'nnnnnnnnn' all the untested virtue....yadda yadda.

Does it in a lot of songs these days. 

There is a time for head voice, just not all the time.  He seemed to know when to use it years ago, but now it seems like he has fallen into the bad habbit of relying on it all the time.

I firmly believe the old voice is still there, he has just fallen into some really bad vocal habits.  He has to stop using the head voice as a crutch and dig down into his chest and throat vocal techniques.  Maybe he thinks this voice sounds pretty, but it doesn't...it's just sounds very wobbly and weak.

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Offline Gareth_Glasgow

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Re: Ben's Voice after Ben Folds Live/and a Piano Tour
« Reply #49 on: August 11, 2010, 02:29:08 PM »
A good example of Ben's voice changing is the two versions of Rockin the Suburbs from RTS in 2001 and Over the Hedge in
I think 2006. His voice in the newer version sounds really weak and strained. I think he's picked up a few bad habits over the years, which is a real shame as he had a great voice in his prime about 1999.
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Re: Ben's Voice after Ben Folds Live/and a Piano Tour
« Reply #50 on: August 11, 2010, 08:14:39 PM »
His voice has changed quite a bit. I think that his voice during the VERY early days was probably its worst, mainly because he hadn't really figured out HOW to sing just yet. Some of the stuff on the ST BFF album sounds a little whiny and pitchy to me (though not bad for sure.) Still, he had power in his voice. From that point, he got better at learning how to use the voice that he naturally had. I personally think that he mastered his voice around Reinhold Messener. His vocals on that album are fantastic.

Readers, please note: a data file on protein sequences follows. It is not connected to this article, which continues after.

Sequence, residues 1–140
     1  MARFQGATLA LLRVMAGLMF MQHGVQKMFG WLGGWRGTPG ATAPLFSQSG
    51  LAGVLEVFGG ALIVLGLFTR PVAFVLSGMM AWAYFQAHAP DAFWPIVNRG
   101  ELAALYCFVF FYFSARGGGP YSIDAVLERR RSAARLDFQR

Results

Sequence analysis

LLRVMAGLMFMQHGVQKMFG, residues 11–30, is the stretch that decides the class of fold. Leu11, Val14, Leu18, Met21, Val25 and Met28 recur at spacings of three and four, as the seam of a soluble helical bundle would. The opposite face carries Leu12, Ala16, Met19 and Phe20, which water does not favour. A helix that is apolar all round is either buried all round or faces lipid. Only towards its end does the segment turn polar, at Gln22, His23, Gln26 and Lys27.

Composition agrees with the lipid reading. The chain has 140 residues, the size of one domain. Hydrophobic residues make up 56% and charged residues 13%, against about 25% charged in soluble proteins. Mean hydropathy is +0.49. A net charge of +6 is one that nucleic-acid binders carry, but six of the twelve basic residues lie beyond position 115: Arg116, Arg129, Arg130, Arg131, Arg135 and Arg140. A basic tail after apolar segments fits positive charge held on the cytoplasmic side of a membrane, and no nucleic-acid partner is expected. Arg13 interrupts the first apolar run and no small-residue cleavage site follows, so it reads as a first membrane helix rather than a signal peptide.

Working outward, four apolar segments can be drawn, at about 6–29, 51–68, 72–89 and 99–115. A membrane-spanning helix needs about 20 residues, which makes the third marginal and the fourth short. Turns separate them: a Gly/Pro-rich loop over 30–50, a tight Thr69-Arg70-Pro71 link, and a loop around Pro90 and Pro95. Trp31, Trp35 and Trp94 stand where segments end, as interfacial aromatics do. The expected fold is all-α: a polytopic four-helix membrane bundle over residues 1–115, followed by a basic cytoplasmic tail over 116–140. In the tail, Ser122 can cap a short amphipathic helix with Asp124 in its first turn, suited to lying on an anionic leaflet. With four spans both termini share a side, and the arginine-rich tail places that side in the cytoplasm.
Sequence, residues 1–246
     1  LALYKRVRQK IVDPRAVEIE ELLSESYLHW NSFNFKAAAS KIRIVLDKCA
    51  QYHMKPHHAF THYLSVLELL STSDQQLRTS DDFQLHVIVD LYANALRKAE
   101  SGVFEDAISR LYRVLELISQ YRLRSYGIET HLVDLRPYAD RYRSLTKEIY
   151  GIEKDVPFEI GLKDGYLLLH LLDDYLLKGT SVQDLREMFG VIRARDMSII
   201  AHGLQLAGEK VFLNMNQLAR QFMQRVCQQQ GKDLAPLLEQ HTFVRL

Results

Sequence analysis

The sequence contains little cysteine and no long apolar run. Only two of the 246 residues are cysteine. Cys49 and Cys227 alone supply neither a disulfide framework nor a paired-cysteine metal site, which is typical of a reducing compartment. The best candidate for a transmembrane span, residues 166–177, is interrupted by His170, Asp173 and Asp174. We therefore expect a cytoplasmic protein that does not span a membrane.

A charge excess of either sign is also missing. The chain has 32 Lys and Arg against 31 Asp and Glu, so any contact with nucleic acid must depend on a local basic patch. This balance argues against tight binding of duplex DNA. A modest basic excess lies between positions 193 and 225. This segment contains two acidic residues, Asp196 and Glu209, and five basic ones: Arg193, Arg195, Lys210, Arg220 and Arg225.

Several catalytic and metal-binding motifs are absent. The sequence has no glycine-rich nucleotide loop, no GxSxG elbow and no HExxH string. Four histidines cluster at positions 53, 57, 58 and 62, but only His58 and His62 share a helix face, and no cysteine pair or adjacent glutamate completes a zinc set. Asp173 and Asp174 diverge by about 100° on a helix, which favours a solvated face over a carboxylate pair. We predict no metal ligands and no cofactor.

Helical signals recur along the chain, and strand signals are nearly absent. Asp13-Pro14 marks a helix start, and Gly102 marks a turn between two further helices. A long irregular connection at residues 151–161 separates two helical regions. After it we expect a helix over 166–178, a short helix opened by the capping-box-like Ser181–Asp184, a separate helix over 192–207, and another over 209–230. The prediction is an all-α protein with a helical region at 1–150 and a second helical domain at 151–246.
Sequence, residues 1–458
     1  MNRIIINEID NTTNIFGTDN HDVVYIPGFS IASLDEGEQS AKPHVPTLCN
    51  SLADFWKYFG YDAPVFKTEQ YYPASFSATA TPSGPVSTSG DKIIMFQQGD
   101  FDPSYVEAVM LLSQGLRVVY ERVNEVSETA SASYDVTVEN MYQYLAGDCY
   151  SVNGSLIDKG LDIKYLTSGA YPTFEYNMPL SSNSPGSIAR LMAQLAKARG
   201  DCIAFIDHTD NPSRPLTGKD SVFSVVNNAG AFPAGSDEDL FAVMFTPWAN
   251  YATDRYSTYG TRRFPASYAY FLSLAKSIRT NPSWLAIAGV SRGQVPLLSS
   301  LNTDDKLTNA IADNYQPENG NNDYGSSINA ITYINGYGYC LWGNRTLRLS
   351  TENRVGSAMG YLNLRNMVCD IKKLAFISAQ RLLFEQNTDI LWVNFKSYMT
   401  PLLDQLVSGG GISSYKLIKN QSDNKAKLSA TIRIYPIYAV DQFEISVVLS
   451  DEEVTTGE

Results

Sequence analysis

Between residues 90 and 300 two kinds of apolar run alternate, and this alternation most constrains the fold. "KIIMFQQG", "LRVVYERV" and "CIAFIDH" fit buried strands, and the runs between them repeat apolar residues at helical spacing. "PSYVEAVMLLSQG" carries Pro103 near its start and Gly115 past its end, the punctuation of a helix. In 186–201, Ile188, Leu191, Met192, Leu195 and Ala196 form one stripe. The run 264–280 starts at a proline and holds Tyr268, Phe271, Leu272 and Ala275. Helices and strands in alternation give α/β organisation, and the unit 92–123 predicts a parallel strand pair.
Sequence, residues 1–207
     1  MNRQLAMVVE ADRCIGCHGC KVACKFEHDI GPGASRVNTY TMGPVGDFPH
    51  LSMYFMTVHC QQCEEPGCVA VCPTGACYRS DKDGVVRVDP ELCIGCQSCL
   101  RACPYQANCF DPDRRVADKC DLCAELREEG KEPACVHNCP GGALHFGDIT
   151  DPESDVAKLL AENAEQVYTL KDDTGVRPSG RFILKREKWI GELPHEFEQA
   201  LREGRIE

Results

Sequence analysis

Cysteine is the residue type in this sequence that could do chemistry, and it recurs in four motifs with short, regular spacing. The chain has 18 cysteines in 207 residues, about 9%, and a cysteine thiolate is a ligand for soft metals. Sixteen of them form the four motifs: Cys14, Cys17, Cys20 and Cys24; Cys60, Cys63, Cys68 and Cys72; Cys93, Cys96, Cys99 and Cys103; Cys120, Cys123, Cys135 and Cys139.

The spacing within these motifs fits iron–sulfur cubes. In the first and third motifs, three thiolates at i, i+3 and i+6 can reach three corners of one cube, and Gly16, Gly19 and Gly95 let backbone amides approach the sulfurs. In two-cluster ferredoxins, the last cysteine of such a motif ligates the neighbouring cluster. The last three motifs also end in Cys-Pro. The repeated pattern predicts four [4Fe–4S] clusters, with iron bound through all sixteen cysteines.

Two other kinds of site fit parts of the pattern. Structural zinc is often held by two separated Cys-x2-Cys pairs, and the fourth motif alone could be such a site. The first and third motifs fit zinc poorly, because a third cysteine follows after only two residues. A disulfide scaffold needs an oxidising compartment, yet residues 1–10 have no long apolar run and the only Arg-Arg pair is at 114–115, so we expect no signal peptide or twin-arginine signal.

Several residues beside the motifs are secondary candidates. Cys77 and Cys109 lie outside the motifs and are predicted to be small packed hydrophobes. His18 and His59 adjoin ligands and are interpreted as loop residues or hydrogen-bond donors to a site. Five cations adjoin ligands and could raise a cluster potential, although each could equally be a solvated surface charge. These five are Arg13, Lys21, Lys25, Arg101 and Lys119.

Rockin' the Suburbs is the final record where we got to hear Ben's original sounding voice. I think he was still at his prime at this point, with this album and the Live album being two of his finest as far as vocals go.

The EPs are often overlooked in this case study, but they are the turning point. His voice was still good, still had power, but it was deepening. I think this was still a prime vocal era for him, and had his voice staying this way, I would have no complaints.

SFS came around, and it was evident that he had no only obtained a deeper voice, it was a slightly weaker voice. I personally think his voice stayed about the same as far as power and range goes since then. He knows how to sing for sure, but he doesn't have that powerful youthful vibe anymore. Its sad, and I hate saying this, but he could pull of songs like RTS before because his voice was powerful and almost had a smartass vibe to it at times. Hearing the over the hedge version, the voice just can't pull off the song anymore, and I don't just mean from a vocal range standpoint. He sounds older, and listening to an older guy sing a song like that just makes you cringe. To us it doesn't matter, we know and love Ben, but if you played the album version of RTS at a party you could get away with it. Play the Over the Hedge version (forget the lyric changes) and I'm sure someone would say "who the hell is this?" It just doesn't fit the music.